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Gambia lacks moral rights to condemn neo-colonialism

By - | October 9th 2013

Last week, The Gambia withdrew from the British-led Commonwealth bloc, a 54-member grouping including Britain and most of its former colonies.

The reason President Yahya Jammeh of Gambia gave as the collective rationale for withdrawing was that this Anglophile interstate organisation is a vestige of colonialism and hence neo-colonial in its political orientation.

Jammeh executed this decision without consulting his nationals. In justification, he argued that the government had withdrawn its membership of the Commonwealth and decided The Gambia will never be a member of any neo-colonial institution and will never be party to any institution that represents an extension of colonialism.

This is also a common argument used by most African states every time the West criticises Africa on matters of governance and human rights. African countries often cite neo-colonialism, imperialism or lack of respect for African sovereignty in every eventuality of diplomatic censure from the West.

Kenya and Uganda presidents Uhuru Kenyatta and Yoweri Museveni are now accusing the International Criminal Court of being neo-colonial and imperialistic or antagonistic toward African sovereignty.

Often, this argument is false and contradicts the political and democratic facts on the ground. Just like in The Gambia, neo-colonialism is not the main vice ailing African politics. Current failings across the continent have more to do with homespun African political culture than Africa’s relations with its former colonial masters.

Nation in State of fear

For example, The Gambia joined the Commonwealth in 1965. It was a very promising and comely composition of a country surrounded by Senegal and Nigeria.

The Gambia has been a popular destination for European tourists. Many of them have been the British. This, of course, is an attribution to the country’s tropical climate and white Atlantic beaches.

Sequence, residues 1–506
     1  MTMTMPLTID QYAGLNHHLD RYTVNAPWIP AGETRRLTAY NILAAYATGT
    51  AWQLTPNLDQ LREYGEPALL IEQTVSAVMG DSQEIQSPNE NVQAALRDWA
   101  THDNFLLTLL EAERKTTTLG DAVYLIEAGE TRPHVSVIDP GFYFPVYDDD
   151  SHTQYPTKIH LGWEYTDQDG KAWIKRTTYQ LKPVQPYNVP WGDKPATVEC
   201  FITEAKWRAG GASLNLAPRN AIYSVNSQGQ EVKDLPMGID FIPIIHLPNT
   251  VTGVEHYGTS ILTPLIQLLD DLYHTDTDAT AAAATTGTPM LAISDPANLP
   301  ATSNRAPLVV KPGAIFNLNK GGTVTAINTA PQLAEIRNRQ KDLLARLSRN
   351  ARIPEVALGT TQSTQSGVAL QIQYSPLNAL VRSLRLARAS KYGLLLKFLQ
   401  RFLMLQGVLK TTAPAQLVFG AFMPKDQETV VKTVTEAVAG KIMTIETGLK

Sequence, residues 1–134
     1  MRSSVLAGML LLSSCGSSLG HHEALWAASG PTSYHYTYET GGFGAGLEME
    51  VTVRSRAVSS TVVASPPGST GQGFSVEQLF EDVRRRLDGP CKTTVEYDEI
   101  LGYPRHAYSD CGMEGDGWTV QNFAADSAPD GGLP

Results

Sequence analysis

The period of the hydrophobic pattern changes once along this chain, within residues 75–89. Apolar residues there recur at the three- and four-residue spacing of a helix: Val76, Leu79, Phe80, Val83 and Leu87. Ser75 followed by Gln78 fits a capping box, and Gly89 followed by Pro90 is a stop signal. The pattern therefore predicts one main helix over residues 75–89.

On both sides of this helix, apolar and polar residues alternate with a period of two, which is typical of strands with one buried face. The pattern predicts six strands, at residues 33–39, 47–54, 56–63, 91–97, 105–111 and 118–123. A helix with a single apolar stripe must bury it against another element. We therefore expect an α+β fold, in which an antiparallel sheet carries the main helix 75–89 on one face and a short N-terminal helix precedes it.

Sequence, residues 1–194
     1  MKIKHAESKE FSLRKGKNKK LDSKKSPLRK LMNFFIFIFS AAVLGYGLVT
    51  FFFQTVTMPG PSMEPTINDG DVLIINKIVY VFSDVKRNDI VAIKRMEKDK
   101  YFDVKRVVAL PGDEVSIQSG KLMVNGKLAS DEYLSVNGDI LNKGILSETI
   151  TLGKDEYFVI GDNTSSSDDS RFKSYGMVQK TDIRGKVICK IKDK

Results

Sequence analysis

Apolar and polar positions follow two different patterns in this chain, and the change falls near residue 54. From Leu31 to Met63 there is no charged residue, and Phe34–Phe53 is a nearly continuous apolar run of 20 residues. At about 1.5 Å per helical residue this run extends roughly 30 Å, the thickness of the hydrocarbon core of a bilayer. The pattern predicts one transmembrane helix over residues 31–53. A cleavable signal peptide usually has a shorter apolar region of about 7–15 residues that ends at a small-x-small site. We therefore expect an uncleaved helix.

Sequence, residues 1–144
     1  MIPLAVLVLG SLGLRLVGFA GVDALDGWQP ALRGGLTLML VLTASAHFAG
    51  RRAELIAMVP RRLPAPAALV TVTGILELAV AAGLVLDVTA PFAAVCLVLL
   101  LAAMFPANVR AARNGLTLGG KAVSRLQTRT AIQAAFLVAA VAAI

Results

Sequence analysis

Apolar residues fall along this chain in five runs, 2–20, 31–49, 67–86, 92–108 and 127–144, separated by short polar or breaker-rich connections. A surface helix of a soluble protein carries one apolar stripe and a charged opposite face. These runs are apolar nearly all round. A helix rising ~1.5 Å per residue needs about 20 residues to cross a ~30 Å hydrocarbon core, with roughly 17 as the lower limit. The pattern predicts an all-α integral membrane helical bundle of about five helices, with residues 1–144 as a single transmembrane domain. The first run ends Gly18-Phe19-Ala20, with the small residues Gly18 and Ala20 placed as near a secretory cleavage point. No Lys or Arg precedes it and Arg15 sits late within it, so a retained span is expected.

However, when Jammeh came to power in 1994 through a coup d’etat, the political climate in this country changed to nationwide feelings of sombre and solidified fear of the political unknowns among the people.

All these emanated as political adaptations of President Jammeh who accused Britain of backing Gambia’s political opposition. Jammeh’s jitters-laden politics heightened in the months preceding the 2011 elections.

Human rights conditions dwindled as seen in the series of politically perpetrated and lawless execution of opposition leaders.

First, Jammeh’s regime performs poorly on matters of human rights. Just like counterparts in Uganda, Zimbabwe and Equatorial Guinea, The Gambia has often been presented by Amnesty International as a ruthless perpetrator of persecutions against political opponents, homosexuals, lesbians, trans-genders, unlawful detentions, Press crackdowns and discrimination against minority groups.

It is not neo-colonialism that is a problem facing politics in The Gambia but political avarice and selfishness from the Presidency. The Gambia not only violates the rights of Gambians but also the rights of foreigners.

{Alexander K Opicho, Eldoret}

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